“I used to run six miles every day!” she’d say. “My measurements were 34-24-36!”
I never knew how to respond to that. I could tell she was proud. Nothing I could have responded with would’ve changed that.
But there was something else in her tone besides pride. I have never been able to put my finger on it. I never could find the word for it.
One day, when I was around 14, I had a lot of energy. Have you ever felt that? Like you had to do something physical or all of your limbs might explode sparkle-dust energy everywhere? So before I exploded said dust everywhere, I put on some comfy clothes and shoes. I told my mom I was going to go for a run.
She beamed, “Oh! Great!” I almost wished I hadn’t told her.
A few days later, I overheard her telling someone with such pride, “I think we may have a runner in the family! Janae likes running. She’s going to take after her mommy.” I really wished I hadn’t told her.
Now there was this expectation. Running never had been my thing. It wasn’t going to just become my thing overnight.
I didn’t let it bother me too much—the guilt, I mean. From disappointing her.
I always felt in my heart that she wanted this hot, thin, model, athlete for a daughter.
I remember being seven and hearing her talk about how fat she was, in such a disgusted way. I knew in first grade that thinness was important to her: that someone couldn’t be beautiful unless they were slim, like she had been.
In third grade, I got a bunch of Lisa Frank stuff for my birthday. One of them was a diary with a penguin on the cover. The first page was a little survey for me to fill in about myself. It asked something about a goal for the year. I wrote, “To lose weight.”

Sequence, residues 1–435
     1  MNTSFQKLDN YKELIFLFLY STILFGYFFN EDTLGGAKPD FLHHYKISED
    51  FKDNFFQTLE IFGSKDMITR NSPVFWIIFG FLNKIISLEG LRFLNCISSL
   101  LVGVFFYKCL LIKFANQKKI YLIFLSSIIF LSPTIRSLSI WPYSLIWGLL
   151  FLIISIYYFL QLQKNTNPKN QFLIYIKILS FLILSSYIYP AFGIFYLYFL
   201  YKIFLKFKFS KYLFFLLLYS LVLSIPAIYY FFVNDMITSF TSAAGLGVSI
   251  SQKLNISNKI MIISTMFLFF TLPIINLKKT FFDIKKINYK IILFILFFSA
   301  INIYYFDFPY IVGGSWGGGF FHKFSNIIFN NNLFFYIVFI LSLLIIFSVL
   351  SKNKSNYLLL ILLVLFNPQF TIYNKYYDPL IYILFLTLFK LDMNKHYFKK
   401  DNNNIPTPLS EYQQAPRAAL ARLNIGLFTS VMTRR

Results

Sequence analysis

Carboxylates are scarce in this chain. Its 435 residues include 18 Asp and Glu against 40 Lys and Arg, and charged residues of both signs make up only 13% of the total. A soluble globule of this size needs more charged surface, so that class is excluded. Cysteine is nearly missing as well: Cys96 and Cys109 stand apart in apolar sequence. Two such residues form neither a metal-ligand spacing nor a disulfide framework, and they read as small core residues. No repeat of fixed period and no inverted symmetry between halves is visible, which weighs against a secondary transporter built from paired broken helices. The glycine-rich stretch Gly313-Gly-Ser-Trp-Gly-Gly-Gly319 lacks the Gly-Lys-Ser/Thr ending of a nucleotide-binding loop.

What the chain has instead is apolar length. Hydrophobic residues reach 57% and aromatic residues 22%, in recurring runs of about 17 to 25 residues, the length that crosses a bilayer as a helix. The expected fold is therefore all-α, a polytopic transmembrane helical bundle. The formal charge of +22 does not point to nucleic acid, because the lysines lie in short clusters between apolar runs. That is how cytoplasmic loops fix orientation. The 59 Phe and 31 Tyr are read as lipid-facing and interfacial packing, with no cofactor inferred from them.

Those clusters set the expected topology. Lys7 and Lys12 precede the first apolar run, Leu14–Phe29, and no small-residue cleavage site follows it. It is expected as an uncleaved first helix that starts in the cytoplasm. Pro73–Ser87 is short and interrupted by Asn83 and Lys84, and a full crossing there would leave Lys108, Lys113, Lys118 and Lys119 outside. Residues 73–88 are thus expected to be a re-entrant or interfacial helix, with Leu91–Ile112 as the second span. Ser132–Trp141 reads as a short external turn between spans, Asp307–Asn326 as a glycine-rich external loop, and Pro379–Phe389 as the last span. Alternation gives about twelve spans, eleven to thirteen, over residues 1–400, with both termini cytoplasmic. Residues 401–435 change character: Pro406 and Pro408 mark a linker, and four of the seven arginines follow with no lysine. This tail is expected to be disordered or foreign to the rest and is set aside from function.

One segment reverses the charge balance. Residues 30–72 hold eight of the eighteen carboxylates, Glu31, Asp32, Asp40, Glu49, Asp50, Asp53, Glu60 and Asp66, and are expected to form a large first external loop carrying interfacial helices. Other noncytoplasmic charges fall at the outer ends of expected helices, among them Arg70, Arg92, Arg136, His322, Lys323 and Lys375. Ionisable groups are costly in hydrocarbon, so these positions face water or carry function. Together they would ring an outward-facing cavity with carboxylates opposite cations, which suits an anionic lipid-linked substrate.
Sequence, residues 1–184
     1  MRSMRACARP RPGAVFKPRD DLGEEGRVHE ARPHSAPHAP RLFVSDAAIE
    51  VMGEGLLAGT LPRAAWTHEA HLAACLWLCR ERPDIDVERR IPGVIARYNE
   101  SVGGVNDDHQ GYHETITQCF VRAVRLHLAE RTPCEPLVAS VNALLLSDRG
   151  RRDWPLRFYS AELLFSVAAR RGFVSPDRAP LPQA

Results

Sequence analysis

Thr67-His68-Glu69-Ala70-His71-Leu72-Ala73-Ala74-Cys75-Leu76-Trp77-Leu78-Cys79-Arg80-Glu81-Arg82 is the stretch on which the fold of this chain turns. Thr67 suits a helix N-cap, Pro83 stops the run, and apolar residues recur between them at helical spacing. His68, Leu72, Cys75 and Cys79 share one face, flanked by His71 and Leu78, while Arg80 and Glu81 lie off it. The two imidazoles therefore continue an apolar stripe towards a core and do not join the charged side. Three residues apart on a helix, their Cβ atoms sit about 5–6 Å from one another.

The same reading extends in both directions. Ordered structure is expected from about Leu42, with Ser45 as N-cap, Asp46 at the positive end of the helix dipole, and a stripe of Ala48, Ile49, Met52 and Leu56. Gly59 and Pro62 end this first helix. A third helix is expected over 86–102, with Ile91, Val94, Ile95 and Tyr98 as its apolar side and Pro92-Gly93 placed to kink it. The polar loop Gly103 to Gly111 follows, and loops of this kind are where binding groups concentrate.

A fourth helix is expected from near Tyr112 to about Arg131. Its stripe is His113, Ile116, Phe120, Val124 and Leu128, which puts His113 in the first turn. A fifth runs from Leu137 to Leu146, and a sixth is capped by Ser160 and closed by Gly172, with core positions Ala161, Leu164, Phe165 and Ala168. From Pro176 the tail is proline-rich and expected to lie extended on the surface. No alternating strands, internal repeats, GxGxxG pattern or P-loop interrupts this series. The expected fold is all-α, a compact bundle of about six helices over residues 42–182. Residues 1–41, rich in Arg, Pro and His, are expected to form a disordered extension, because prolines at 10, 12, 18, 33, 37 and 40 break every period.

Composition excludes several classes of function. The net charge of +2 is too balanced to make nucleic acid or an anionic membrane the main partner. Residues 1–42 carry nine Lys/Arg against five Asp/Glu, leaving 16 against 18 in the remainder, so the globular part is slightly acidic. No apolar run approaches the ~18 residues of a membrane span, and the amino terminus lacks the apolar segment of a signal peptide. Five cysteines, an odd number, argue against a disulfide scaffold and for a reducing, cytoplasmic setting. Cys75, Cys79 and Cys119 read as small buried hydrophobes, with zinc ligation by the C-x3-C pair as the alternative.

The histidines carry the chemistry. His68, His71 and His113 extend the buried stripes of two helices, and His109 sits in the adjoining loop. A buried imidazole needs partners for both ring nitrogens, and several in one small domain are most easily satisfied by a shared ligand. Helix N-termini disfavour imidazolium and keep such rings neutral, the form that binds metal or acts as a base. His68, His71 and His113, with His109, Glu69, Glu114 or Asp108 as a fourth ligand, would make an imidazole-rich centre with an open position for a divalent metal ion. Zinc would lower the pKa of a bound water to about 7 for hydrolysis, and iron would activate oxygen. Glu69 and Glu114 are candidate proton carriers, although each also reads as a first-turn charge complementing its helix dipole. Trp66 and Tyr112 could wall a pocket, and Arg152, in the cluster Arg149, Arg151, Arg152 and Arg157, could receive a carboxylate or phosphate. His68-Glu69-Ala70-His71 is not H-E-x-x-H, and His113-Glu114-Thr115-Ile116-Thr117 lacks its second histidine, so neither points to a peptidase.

In fifth grade, I drank Slim Fast shakes for lunch.
In seventh grade, I ate a banana for lunch.
Apparently, it was my goal for the next several years.
Looking back at pictures, I was not fat at all. I was perfectly average. And somehow I remember feeling less than appealing up until I was about nineteen years old. No, even at nineteen, I wasn’t a runner…
In my junior year of high school, I joined journalism. I had a knack for writing, and my mom started informing everyone, “Janae’s going to be a journalist!” She’d talk all about what a great writer I was, “like her mommy.” I loved this praise more than the short-lived “she’s a runner” praise. This was something I could latch onto, something I valued. Like my mommy or not, I knew I was good at this.
Even though I never wanted to be a journalist, that’s what I told everyone. “What are you going to major in?” “Journalism.” “Oh, that’s great! So you write?” “Yes, I write.”
Yes, I write. I write. I can write. I write essays. I write newspaper articles. I write editorials. I write personal pieces. I write letters. I write.
I even put “journalism” on all my standardized tests and college applications.
But do I interview? Do I get in people’s faces? Do I care about the news? No, no, and no. Even at eighteen, I wasn’t a journalist…
It wasn’t until I got to college that I actually realized it was my choice what I would go to school for. I could now decide who and what I wanted to be. And it came to me, not as a surprise, because it was always there: an English teacher.
I had had so many good ones in school. I love books. I love grammar. I love writing. All of it adds so much to my life. How could I not share this love with teenagers?
And there was my mother, telling everyone how she tried to convince me to do journalism, to help me avoid a life of impoverished enslavement. Reminding me how I’d never make any money.
But here I am at twenty-four, a self-accepting English teacher.
“I used to care what other people thought,” I tell my daughter. “But I don’t want you to make the same mistake.”